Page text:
At the Net: Raonic on the rise
Philadelphia, PA – If you're trying to find young tennis stars from Canada (or anywhere else for that matter), look no further than Milos Raonic.
Okay, Raonic (pronounced Rau-nitch) plays under the Canadian flag on the ATP World Tour, although he was born in Montenegro and resides in Monaco and/or Spain, in addition to Thornhill, Ontario.
FYI: Montenegro was once part of the former Yugoslavia.
The 21-year-old Raonic, who moved to Canada with his parents at the tender age of three, is an all-courter who prefers hardcourts and possesses a wicked and accurate serve which has helped him climb back up to No. 32 in the world. He is Canada's second-highest-ranked ATP singles player since the computer rankings began in 1973. (Greg Rusedski peaked at No. 4 in 1997.)
Raonic just titled in San Jose over the weekend, as he became a repeat champion at the SAP Open by straight-setting Uzbekistan's Denis Istomin in the finale at HP Pavilion. It marked his third career title, which have all come over the last 12 months.
He was also a runner-up in Memphis last season.
The big-serving Raonic managed just seven aces in the San Jose final on Sunday, but one of 'em checked in at 150 mph in a service game that was clearly too much for the 58th-ranked Istomin. The Canadian slugger won all 10 of his service games and lost just four points, including one in a first-set tiebreak. In 41 service games in San Jose, Raonic was broken only once.
Raonic joined the likes of Andy Murray (2006-07), Andy Roddick (2004-05), Mark Philippoussis (1999-2000) and boyhood idol Pete Sampras (1996-97) as a back- to-back champ in San Jose.
The 6-foot-5 Raonic joked at the trophy presentation on Sunday that he likes San Jose so much he might consider moving there.
"It's amazing. If the real estate wasn't so expensive here, maybe I'd buy a place," he said.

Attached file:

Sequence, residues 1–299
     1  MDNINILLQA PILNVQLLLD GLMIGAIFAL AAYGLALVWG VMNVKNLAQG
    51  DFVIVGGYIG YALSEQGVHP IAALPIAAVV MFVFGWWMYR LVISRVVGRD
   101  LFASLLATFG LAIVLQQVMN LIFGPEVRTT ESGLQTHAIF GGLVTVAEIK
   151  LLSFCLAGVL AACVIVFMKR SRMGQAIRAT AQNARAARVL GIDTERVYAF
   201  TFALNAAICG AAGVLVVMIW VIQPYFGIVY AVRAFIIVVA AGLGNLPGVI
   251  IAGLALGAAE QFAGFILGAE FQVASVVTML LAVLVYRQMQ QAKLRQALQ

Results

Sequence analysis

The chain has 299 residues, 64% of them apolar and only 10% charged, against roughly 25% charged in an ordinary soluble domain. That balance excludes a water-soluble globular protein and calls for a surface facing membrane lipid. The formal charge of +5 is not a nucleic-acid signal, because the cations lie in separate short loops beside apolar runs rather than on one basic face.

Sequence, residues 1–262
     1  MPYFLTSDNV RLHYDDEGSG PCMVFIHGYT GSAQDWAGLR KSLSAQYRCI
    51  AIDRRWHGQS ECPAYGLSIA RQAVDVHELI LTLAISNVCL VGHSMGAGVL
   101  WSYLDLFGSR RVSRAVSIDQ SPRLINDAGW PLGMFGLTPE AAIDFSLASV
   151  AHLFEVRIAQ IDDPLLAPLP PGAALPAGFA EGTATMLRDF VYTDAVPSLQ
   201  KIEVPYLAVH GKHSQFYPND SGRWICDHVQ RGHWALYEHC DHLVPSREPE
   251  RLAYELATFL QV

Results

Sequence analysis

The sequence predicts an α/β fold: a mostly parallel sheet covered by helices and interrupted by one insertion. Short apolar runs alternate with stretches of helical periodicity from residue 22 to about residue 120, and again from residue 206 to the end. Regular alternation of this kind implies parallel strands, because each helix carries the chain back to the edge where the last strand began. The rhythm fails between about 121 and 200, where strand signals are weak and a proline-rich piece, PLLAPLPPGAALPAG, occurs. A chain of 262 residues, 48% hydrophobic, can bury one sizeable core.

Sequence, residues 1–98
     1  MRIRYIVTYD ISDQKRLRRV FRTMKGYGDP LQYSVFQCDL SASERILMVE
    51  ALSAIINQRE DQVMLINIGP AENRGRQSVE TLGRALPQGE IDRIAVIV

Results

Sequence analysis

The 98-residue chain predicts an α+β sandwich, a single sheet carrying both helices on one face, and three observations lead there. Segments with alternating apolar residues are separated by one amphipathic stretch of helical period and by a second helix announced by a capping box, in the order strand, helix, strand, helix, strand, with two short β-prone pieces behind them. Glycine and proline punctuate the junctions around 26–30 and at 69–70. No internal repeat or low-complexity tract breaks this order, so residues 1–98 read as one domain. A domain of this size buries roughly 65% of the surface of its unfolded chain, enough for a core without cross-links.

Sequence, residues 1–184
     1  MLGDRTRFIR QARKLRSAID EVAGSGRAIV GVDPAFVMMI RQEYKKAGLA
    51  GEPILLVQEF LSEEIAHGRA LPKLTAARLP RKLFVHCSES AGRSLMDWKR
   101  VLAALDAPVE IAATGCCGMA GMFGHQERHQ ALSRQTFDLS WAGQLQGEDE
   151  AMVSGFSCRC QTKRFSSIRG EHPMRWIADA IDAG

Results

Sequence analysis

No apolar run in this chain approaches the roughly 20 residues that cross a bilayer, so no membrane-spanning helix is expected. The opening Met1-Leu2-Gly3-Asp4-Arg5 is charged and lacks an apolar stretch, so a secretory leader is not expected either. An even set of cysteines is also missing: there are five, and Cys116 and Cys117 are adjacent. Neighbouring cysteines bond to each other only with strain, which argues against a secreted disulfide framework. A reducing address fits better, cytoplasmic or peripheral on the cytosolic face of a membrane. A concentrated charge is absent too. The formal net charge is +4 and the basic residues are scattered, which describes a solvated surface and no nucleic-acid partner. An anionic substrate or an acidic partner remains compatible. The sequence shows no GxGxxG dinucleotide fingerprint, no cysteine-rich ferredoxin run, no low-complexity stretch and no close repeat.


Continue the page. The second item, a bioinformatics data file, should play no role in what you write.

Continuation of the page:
The force that is Raonic may have even more titles to his credit had he not been sidelined last season after requiring surgery for a hip injury he sustained after slipping on the grass at Wimbledon in June.
"It was the toughest time and it was probably the hardest thing I hope I'll have to go through," he said of his surge-slowing injury. "These kind of moments make you forget that. It's in the past.
"I just hope to keep playing good tennis. Hopefully, the things go my way. Hopefully, people will judge me that way (as having) a breakthrough year. Hopefully, on to better and bigger things."
A healthy Raonic now has his eyes set on a run into the land of the big boys.
Raonic reached a career-high No. 25 in the world in May of last year and appeared to be on his way to the top 20, for sure, before the Wimby mishap. At one point last season, he rose from No. 152 in the world to No. 37 in a month.
"I think last year I was a lot more unaware of what was really going on," Raonic said. "This year, I have a lot higher expectations. I know how to prepare, I know how to deal with things and I feel like I'm a much better tennis player than I was last year."
Early 2012 has been good so far to the formidable Canadian, as evidenced by a brilliant 11-1 record and a pair of championships. He also titled at an Australian Open tuneup in Chennai, India last month. Unfortunately for Raonic at the Aussie Open, Aussie hero Lleyton Hewitt upended him in the third round Down Under.
Did You Know?: Raonic is the only two-time winner so far on the ATP this year.
If there has been any area of concern for Raonic thus far, it has been his performance at the Grand Slams, having suffered first- or second-round losses in three of his first five majors. His best showing has come in Melbourne, where he reached the third round this year after making a trip into the fourth round there a year ago.
In my humble opinion, there are four young guys to really keep your eye on, and, in no particular order, they are Aussie Bernard Tomic, American Ryan Harrison, Bulgarian Grigor "Baby Federer" Dimitrov... and Raonic. And I believe two of these guys can actually make it all the way to the top. And those two are Tomic... and Raonic.
If Raonic can keep the wins coming, he'll be able to afford that home in Silicon Valley... and anywhere else for that matter.